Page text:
New Zealand Science Teacher

Safety

Code of Practice refresh: update

The Health and Safety at Work Act is now in force and has created much discussion in schools over the last year.

hazardThe Code

The NZASE is in the final stages of reviewing and updating the Code of Practice for School Exempt Laboratories.

NZASE has been listening to teachers concerns since 2007 and has lobbied for the Code of Practice to be refreshed. Consultation took place at SciCON in 2014 and it was pleasing that in 2015 an on-line survey conducted by NZASE received 196 responses from technicians and teachers. All the feedback has been considered and the refreshed document re-written taking that feedback into account.

We expect that an announcement concerning the publication of the new Code of Practice will be made at SciCON in Lower Hutt. NZASE have negotiated 15 workshops around the country to deliver the refreshed Code of Practice to the regions.

Background

Current legislation expects laboratory manages to read the most recent code of practice which is the 2007 version. The safe work practices outlined in the 2007 document still apply.

With the new Act it might be an expectation of those teachers who do not feel supported by PCBU’s and Officers that support for Health and Safety would increase as a consequence of explicit definition of responsibilities and liabilities.

Regulations development and refresh of Code of Practice

NZASE published The Code of Practice for School Exempt Laboratories in 2007. This code provides practical guidance on how schools should comply with the Hazardous Substances and New Organisms Act and the Exempt Laboratory Regulations.

Since early 2015 The New Zealand Association of Science Educators have been working closely with both Ministry of Education and MBIE to plan for the new regulations and support teachers during their implementation. Workshops are planned following publication of the refreshed Code of Practice – these will be advised via the Ministry’s school Leader’s Bulletin

The draft Health and Safety at Work (Hazardous Substances) Regulations 2016 were up for consultation until February 2016. The regulations are now being written by Ministry of Business, Innovation and Employment. These are unlikely to be completed in the near future so NZASE are refreshing the Code of practice using the new Health and Safety at Work Act and draft Health and Safety at Work (Hazardous Substances) Regulations 2016.  When the regulations are published the Code of Practice will be reviewed and amended as necessary.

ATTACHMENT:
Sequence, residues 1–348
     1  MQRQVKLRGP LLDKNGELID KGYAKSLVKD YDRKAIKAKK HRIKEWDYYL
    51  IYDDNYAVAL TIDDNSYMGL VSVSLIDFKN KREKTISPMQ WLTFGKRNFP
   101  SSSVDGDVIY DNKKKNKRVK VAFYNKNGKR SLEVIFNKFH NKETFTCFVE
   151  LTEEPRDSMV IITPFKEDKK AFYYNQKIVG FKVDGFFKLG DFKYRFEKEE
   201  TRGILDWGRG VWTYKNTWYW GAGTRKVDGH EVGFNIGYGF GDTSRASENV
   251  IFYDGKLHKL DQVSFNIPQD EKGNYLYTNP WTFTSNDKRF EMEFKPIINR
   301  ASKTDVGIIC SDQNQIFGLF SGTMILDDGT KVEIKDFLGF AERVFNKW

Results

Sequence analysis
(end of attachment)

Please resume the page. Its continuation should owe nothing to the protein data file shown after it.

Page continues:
NZASE would like to thank STANZ and NZIC for their support in refreshing this document.

Responsibilities – Health and Safety

The purpose of the new Health and Safety at Work Act is to make clear everyone’s responsibilities in keeping people healthy and safe in workplaces. The Act clarifies responsibilities and accountabilities, strengthens worker participation and creates expectations for effective risk management that are proportionate to the risk.

The legislation introduces four categories of person.

PCBU (person conducting a business or undertaking) - despite its name, a PCBU will usually be a business or corporate entity and in the context of the school sector, the PCBU will be the Board of Trustees of a school.

Officer – an individual member of a Board of Trustees and any other person that exercises significant influence over the management of the school, eg the principal, is classed as an officer.

Worker – the definition of worker in the new legislation is wider than that of employee. Worker means an individual who carries out work for the school and includes teachers and volunteer workers.

Other persons – anybody within the school workplace and/or environment including students, parents, visitors, casual volunteers, members of the public.

An example of change in regulations

The emphasis of the legislation is not so much about changing the safe practices that are being carried out in our schools but identifying responsibility for safe practice and assigning liability if unsafe practice results in an incident causing harm.

This is exemplified if we compare and contrast a regulation derived from the previous Act and a regulation written in light of the new Health and Safety at Work Act, and may apply to the Technology area in schools.